groupe etudie de la difference des intervalles R-R n'est que de 1,50 bpm, en comparaison de 0,79 bpm, pour le groupe controle. Le tablau II presente une comparaison du groupe controle et du groupe etudie, pour les differences d'intervalles R-R foetaux, a Finterieur des intervalles de un et de deux battements. Ces resultats illustrent que la technique de surveillance non invasive du RCF par AFECG, utilisant un ADF est en accord avec la technique de la FSE directe pour 1 bpm, dans 92,6% des intervalles R-R etudies, et, pour 2 bpm, dans 98,2%, et cela sur, environ, 8000 intervalles R-R foetaux apparies, analyses ä partir des cinq sujets de cette etude. Comme cela est indique dans les tableaux I et II, il n'y a pas de difference, cliniquement significative, entre le RCF instantanee et la BTBV obtenue par la technique de la FSE et par 1'AFECG avec ADF. En comparaison avec notre ensemble de donnees, nous avons passe en revue les distributions des differences d'intervalle R-R, provenant de deux etudes similaires, ayant examine la fiabilite des techniques de surveillance du RCF par echographie Doppler. Ces etudes anterieures ont montre que le Doppler avec autocorrelation fournit une mesure de la BTBV du RCF avec une erreur de 7,2 bpm (l DS) et, que 1'echographie Doppler avec seuil fournit une mesure de la BTBV du RCF avec une erreur de 9,8 bpm (1 DS) (tableaux III et IV). La technique de surveillance de 1'AFECG, avec ADF, est en accord avec la technique de la FSE directe, alors que les techniques Doppler ä seuil ou avec autocorrelation ne sont pas precises. La precision de la technique de 1'AFECG avec ADF lui permet d'etre utile cliniquement pour determiner, de fagon non invasive, la BTBV. La signification de cette etude est qu'une nouvelle technique, non invasive, d'AFECG maternel, a l'aide d'un ADF, peut fournir un enregistrement clinique, continu et precis, du RCF et de la BTBV instantanes. D'autres essais cliniques sont ä realiser sur une population clinique, avant le travail, plus vaste et plus diverse.

Mots-cles: Electrocardiogramme foetal, filtrage digital ajustable, rythme cardiaque foetal, surveillance foetale, variabilite de battement a battement. Brought to you by | University of Arizona J. Perinat. Med. 20 (1992)

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Frank et al, Noninvasive FECG FHR monitoring

Acknowledgements: This work was supported in part by grants from the National Heart, Lung, and Blood Institute, Bethesda, Maryland, U.S.A., Grant No. HL34898 and the National Science Foundation, Washington, D.C., U.S.A., Grant No. ISI-8860610. Remark: An abstract of this work was presented at the 10th Annual Meeting, Society of Perinatal Obstetricians, Houston, Texas, 1990.

References [1] BOEHM FH, LM FIELDS, JM HUTCHISON, AW BOWEN, WK VAUGHN: The indirectly obtained fetal heart rate: comparison of first-and-secondgeneration electronic fetal monitors. Am J Obstet Gynecol 155 (1986) 10 [2] COURTIN E, W RUCHAY, P SALFELD, H SOMMER: A versatile, semiautomatic fetal monitor for nontechnical users. Hewlett-Packard J (1977) 16 [3] FRANK TH, OR BLAUMANIS, RK GIBBS, RL WELLS: Adaptive filtering in ECG monitoring of the fetal heart rate. J Electrocardiol Suppl (1987) 108 [4] FUKUSHIMA T, CA FLORES, EH HON, EC DAVIDSON: Limitations of autocorrelation in fetal heart rate monitoring. Am J Obstet Gynecol 153 (1985) 685 [5] LAUERSEN NH, HM HOCHBERG, MED GEORGE: Evaluation of the accuracy of a new ultrasound fetal heart rate monitor. Am J Obstet Gynecol 125(1976)1125 [6] LAWSON G, GS DAWES, CWG REDMAN: A comparison of two fetal heart rate ultrasound detector systems. Am J Obstet Gynecol 143 (1982) 840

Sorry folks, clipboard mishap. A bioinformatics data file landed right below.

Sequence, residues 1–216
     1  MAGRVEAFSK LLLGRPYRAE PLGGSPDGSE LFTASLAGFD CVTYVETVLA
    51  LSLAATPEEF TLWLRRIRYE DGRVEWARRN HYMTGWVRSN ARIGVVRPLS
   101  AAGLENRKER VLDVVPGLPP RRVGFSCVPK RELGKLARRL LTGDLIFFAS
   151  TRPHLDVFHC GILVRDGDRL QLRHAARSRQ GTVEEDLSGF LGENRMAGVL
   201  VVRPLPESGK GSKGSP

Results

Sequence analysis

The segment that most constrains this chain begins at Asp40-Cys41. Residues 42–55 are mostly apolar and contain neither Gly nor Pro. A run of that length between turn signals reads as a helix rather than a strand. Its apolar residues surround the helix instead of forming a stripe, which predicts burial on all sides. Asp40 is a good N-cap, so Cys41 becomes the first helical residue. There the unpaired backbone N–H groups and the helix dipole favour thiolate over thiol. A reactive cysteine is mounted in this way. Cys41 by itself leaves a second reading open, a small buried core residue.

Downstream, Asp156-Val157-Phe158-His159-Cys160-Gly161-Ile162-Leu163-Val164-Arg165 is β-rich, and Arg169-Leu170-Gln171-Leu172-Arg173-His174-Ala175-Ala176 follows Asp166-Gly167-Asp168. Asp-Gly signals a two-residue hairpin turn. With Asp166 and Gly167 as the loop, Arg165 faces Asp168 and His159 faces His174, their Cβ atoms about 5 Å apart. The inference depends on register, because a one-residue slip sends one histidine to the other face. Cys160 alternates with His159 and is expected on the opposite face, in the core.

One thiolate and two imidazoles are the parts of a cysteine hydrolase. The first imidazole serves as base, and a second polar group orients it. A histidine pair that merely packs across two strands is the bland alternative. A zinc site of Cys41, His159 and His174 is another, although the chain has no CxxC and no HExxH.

[7] LAWSON GW, R BELCHER, GS DAWES, CWG REDMAN: A comparison of ultrasound (with autocorrelation) and direct electrocardiogram fetal heart rate detector systems. Am J Obstet Gynecol 147 (1983) 721 [8] LEVENTHAL JM, WU BROWN, JB WEISS, MH ALPER: A new method of fetal heart rate monitoring. Am J Obstet Gynecol 45 (1975) 494 [9] NAGEOTTE MP, RK FREEMAN, AG FREEMAN, W DORCHESTER: Short-term variability assessment from abdominal electrocardiogram during the antepartum period. Am J Obstet Gynecol 145 (1983) 566 [10] PAUL RH, AK SUIDAN, S YEH, BS SCHIFRIN, EH HON: Clinical fetal monitoring VII. The evaluation and significance of intrapartum baseline FHR variability. Am J Obstet Gynecol 123 (1975) 206 [11] SOLUM T: A comparison of three methods for external fetal cardiography. Acta Obstet Gynecol Scand 59 (1980) 123 Received June 5, 1991. Accepted June 18, 1991. Dr. Thomas H. Frank Perinatronics Medical Systems, Inc. 2411 Crofton Lane, Suite 14B Crofton, Maryland 21114 U.S.A.

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Noninvasive fetal ECG mode fetal heart rate monitoring by adaptive digital filtering.

Beat-to-beat variability (BTBV) of the fetal heart rate (FHR) is considered an indication of the neural integrity and is an important prognostic indic...